Two historic downtown renovation projects and a planned high-rise apartment building got green lights from the Columbia Design/Development Review Commission on Thursday.
At its July 14 meeting, the commission delayed a vote on a certificate of design approval for new construction for The Edge, a 15-story, 355,000-square-foot apartment building planned for the corner of Assembly and Washington streets, and referred the matter to a subcommittee workshop. That subcommittee meeting, held on July 25, hammered out more details of the project.
Lead architect Robert Neely of Forum Studio presented the changes made as a result of that meeting, which he called a great opportunity. The main differences in the plans shown Thursday included extended glazing on corner windows to more closely mirror the building’s neighbor, the Richland County Library, and architectural details added to the building’s north façade to address criticisms of a “monolithic” appearance. Brick detail at either end of the façade, combined with shaded stucco in the middle, created greater visual depth, Neely said.
A contested trellis on the south side of the building was removed from drawings presented to the subcommittee, which requested it be returned if it was recessed from the street.
“We tried to be more stately,” Neely said.
The commission expressed lingering concern about the height of the north façade but unanimously voted to approve the design plan.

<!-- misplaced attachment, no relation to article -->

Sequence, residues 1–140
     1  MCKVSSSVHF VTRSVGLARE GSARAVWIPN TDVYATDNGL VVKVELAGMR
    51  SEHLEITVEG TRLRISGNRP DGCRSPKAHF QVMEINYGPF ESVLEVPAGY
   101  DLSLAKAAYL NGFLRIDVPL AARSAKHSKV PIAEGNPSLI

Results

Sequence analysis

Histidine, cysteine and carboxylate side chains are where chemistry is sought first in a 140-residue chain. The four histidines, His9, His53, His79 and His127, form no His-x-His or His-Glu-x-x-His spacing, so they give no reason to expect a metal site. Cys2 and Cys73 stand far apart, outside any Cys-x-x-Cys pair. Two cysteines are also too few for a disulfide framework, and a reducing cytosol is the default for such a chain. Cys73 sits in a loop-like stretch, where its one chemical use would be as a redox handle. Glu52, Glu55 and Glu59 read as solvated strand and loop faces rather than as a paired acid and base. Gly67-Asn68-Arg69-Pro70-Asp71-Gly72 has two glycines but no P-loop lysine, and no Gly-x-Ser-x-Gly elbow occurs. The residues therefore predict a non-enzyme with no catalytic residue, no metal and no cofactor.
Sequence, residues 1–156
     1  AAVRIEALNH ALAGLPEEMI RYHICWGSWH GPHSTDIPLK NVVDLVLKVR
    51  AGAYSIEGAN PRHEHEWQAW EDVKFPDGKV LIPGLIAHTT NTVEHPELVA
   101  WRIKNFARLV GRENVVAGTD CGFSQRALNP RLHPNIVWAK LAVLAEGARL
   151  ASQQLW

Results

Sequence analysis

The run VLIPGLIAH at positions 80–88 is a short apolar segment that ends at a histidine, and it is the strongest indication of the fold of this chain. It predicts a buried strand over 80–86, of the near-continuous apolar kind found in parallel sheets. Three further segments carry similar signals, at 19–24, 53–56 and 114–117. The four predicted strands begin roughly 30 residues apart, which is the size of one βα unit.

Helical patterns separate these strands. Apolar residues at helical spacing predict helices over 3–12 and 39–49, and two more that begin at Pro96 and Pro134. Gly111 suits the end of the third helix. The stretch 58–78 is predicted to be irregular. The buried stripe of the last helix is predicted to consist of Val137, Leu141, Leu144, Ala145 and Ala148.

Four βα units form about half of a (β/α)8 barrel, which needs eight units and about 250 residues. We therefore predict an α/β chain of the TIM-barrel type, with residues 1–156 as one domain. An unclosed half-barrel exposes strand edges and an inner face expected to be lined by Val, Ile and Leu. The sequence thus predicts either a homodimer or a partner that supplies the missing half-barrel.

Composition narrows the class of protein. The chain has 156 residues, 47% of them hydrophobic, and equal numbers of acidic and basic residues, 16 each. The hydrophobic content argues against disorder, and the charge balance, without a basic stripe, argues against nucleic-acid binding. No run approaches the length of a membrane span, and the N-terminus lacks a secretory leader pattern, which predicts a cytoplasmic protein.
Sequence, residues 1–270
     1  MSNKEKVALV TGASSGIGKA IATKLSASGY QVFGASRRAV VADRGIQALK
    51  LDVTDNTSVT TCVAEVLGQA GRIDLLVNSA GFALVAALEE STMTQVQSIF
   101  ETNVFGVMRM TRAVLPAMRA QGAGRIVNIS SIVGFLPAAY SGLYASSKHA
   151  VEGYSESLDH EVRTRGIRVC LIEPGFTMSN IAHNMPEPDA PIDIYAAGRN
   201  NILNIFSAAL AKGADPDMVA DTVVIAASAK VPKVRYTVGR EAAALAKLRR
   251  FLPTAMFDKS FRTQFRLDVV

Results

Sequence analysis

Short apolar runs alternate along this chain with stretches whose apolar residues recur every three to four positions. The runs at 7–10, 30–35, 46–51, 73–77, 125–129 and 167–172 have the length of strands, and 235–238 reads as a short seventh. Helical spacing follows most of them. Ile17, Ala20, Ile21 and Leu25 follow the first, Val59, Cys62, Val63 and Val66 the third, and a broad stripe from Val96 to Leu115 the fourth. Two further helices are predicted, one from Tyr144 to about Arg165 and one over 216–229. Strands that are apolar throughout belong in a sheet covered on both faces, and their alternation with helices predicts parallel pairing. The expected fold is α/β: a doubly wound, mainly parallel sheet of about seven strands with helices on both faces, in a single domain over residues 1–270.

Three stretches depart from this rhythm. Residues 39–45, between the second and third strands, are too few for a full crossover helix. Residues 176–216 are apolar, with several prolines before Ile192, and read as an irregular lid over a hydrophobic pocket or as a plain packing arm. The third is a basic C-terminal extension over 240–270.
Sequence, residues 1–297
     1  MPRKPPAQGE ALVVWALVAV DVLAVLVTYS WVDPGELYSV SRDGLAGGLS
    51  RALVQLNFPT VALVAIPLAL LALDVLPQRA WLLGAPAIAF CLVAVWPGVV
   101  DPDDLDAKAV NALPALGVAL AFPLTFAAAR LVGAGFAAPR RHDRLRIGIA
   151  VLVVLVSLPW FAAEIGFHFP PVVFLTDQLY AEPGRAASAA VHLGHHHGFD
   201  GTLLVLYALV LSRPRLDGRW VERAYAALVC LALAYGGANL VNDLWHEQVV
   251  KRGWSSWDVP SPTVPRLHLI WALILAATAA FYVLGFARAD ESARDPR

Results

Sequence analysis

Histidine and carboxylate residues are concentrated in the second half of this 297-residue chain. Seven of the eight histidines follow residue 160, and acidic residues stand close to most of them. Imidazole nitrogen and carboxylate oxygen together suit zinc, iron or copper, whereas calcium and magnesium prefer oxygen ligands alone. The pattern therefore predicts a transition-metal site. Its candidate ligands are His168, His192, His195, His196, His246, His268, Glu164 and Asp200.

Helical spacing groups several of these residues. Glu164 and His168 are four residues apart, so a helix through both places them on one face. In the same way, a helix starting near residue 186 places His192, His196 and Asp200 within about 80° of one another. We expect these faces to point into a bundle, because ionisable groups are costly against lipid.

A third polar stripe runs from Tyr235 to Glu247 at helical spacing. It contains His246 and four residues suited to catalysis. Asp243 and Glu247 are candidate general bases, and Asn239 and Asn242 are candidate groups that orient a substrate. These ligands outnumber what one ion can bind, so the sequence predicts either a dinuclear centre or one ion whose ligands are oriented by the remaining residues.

The meeting included continued discussion about a building at 1401 Assembly St. built in 1914. The site of several businesses, most recently a barber shop, the structure is one of a handful remaining from Columbia’s black business district and has drawn the interest of preservationists who wanted it incorporated into The Edge’s design plans.
The Edge developer, Clayco Realty Group, found that possibility infeasible but signaled a willingness to work with the city of Columbia to relocate the building. Robin Waites, executive director of Historic Columbia, said Thursday that her organization had “productive” conversations with Clayco about moving the building to the northwest corner of Park and Washington streets.
“The building has an important story to tell and needs to be protected from demolition,” Waites said.
The design commission has no purview over the structure, as it is not an historic landmark, and did not consider its fate in its vote.
Also Thursday, the commission approved a request for certificate of design approval for exterior changes for 1222 and 1224 Taylor St., former homes of Rose-Talbert Paints and Western Auto, respectively. Those renovations, part of a $7.5 million downtown facelift being overseen by Sumter LLC that also includes 1519 Sumter St., former home of Powell Furniture, include storefront restoration and minor façade changes.
The commission also approved exterior design changes to and preliminary Bailey Bill certification for 1649 Main St., former site of Hennessy’s restaurant. Columbia-based Garvin Design Group plans to restore the building’s storefront to its 1941 façade with an eye toward resuming restaurant and potentially office use.
The Bailey Bill allows owners of historic properties to lock in property tax assessments based on the property’s fair market value before renovations for up to 20 years.